Let's get back to the book, If You Want to Write. Of course, I began reading it soon after I arrived home. There's a smashed bug of some sort, with its yellow guts smeared on the author's bio page, and the name and number of the book's previous owner. I'm curious about who "Terri" is. She'll probably think I'm a stalker if I call her, and ask why she got rid of the book or ask her how she liked it. It would probably be in my best interest not to contact her.
Ms. Ueland writes about criticism and how it kills the writer's creativity. She states that she "hates" it because it "snuffs" out creative, gifted people all the time. "It is a murderer of talent." She's not talking about constructive criticism; she's speaking of what makes you think you can write? kind of criticism. I know when I have people, even family members, ask why I'm writing, my creative bubbles burst and disappear inside. Doubt and lack of support are murderous, I agree.
She goes on to say, "We writers are the most lily-livered of all craftsmen. We expect more, for the most peewee efforts, than any other people. A gifted woman writes a poem. It is rejected. She does not write another perhaps for two years, perhaps all her life. Think of the patience and love that a tap-dancer or vaudeville acrobat puts into his work. Think of how many times Kreisler has practiced trills. If you will write as many words as Kreisler has practiced trills I prophesy that you will win the Nobel Prize in ten years."
I love this! Don't you find this true in many writer's cases? A few rejections and they plunge their heads in the sand. I know, I'm one of them! The message she was trying to give in her comparison, was WRITE and don't stop, no matter what. At least that's what I got out of it. I seriously doubt I'll ever win a Nobel Prize, but actually getting my work published...now that's something I can strive for.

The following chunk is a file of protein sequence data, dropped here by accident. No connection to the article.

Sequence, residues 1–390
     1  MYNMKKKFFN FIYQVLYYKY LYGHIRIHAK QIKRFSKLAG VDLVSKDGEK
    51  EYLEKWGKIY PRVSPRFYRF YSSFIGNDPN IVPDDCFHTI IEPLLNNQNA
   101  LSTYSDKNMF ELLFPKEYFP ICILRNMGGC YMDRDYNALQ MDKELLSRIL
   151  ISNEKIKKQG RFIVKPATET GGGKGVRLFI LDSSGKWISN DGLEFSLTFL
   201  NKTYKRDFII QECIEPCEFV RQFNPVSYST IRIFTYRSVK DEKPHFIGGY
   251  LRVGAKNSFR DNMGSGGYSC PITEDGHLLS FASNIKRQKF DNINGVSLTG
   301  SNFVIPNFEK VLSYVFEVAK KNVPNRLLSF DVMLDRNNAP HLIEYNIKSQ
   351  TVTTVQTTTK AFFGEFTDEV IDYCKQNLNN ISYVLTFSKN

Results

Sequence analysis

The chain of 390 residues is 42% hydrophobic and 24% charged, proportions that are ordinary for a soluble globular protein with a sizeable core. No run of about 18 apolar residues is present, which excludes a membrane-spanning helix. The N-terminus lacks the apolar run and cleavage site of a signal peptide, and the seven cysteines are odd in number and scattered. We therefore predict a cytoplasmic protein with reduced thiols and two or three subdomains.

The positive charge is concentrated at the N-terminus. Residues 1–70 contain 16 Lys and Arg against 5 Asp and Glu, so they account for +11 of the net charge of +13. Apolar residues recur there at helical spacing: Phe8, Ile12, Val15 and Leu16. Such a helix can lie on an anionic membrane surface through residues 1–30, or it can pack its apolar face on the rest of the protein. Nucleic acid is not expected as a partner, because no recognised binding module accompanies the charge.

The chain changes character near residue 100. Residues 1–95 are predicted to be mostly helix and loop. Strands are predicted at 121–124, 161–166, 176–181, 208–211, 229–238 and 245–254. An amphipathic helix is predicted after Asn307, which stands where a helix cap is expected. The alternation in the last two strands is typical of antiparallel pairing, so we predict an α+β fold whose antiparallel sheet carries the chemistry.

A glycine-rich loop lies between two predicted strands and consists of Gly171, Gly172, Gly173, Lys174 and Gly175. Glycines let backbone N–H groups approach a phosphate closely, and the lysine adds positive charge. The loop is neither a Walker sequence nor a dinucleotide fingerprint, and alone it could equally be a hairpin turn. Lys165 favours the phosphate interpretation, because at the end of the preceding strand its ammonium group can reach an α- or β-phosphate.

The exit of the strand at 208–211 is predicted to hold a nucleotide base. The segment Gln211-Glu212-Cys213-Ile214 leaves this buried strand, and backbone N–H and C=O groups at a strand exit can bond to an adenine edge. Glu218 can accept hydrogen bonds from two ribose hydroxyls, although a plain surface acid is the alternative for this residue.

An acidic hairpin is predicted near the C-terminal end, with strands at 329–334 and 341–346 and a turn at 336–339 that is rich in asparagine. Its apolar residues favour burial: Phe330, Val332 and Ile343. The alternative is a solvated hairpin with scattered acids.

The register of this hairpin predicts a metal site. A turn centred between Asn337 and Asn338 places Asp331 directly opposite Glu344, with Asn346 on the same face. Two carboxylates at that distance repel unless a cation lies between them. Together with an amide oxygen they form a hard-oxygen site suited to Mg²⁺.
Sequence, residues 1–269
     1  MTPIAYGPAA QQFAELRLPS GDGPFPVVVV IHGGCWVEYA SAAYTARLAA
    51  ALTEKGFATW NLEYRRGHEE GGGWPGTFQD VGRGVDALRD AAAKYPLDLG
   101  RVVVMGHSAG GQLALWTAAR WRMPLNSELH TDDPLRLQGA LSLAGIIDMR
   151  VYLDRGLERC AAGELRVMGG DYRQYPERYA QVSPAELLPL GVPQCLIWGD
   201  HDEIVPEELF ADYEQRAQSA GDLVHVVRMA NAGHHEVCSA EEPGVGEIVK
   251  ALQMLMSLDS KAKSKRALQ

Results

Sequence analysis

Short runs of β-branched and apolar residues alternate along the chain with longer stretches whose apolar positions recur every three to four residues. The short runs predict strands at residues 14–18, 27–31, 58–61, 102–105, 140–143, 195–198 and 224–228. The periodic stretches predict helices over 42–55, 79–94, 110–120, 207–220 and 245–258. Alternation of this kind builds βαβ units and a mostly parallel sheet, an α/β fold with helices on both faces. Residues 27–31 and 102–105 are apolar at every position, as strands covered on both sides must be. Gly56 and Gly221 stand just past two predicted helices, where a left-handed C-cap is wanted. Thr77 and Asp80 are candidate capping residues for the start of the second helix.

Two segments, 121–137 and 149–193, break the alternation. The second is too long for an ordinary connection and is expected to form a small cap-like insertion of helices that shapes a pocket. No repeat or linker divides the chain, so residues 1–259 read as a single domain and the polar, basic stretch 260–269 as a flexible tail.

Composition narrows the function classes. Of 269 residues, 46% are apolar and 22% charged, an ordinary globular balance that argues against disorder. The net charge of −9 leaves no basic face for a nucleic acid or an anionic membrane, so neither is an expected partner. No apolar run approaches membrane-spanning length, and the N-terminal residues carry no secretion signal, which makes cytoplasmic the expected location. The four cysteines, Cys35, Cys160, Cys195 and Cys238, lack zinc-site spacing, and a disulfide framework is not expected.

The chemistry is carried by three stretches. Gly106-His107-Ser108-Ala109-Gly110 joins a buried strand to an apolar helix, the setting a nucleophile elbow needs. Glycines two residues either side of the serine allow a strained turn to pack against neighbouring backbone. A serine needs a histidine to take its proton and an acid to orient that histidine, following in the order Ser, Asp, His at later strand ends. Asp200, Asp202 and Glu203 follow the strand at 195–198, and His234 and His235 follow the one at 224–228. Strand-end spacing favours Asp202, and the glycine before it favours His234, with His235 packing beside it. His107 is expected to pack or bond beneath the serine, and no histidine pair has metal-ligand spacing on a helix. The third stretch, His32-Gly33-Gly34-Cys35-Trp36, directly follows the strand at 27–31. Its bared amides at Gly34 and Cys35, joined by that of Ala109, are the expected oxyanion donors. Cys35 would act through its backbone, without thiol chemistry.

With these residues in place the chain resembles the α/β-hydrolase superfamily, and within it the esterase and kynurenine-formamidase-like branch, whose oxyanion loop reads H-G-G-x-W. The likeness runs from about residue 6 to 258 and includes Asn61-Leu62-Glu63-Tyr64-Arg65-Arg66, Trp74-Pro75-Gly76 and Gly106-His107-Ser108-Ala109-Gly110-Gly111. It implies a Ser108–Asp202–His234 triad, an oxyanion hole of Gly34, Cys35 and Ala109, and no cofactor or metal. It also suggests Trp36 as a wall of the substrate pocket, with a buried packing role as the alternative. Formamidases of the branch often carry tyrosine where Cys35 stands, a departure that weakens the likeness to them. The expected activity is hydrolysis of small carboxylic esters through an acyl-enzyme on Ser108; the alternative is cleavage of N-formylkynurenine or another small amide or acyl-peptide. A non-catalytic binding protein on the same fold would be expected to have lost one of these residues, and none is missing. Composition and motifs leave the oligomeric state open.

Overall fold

She also gave me permission to piddle or "putter" as she states, and I quote her, "So you see the imagination needs moodling,--long, inefficient, happy idling, dawdling and puttering...But do not feel, anymore, guilty about idleness and solitude." She goes on to say, "The dreamy idleness that children have, an idleness when you walk alone for a long, long time, or take a long, dreamy time at dressing, or lie in bed at night and thoughts come and go, or dig in a garden, or drive a car for many hours alone, or play the piano, or sew, or paint ALONE; or an idleness--and this is what I want you to do--where you sit with pencil and paper or before a typewriter quietly putting down what you happen to be thinking, that is creative idleness."
Spoken like a true genius, for me. Creative idleness as she calls it, is a rejuvenator for me. I believe Julia Cameron in The Artist's Way calls it ,"filling the well." Julia and Brenda were on the same mental wave length when they wrote their books, only they were a century apart.
Ms. Ueland's book is way better than a hot pink tank, at least when you're me, it is.
I'm thankful for Ms. Ueland, giving me permission to idle creatively. I've blogged to you all, walked the dog, watered the vegetable garden, had a run-in with the rooster, played with my new six baby ducks, and later after lunch, I'm going to finish my "Why did the chicken cross the road" sign for my driveway, and finish my latest chapter of Vinegaroon Moon.
This afternoon when I'm at my desk, I'll imagine Ms. Ueland sitting on my shoulder, whispering in my ear, "You're talented, original and you definitely have something to say."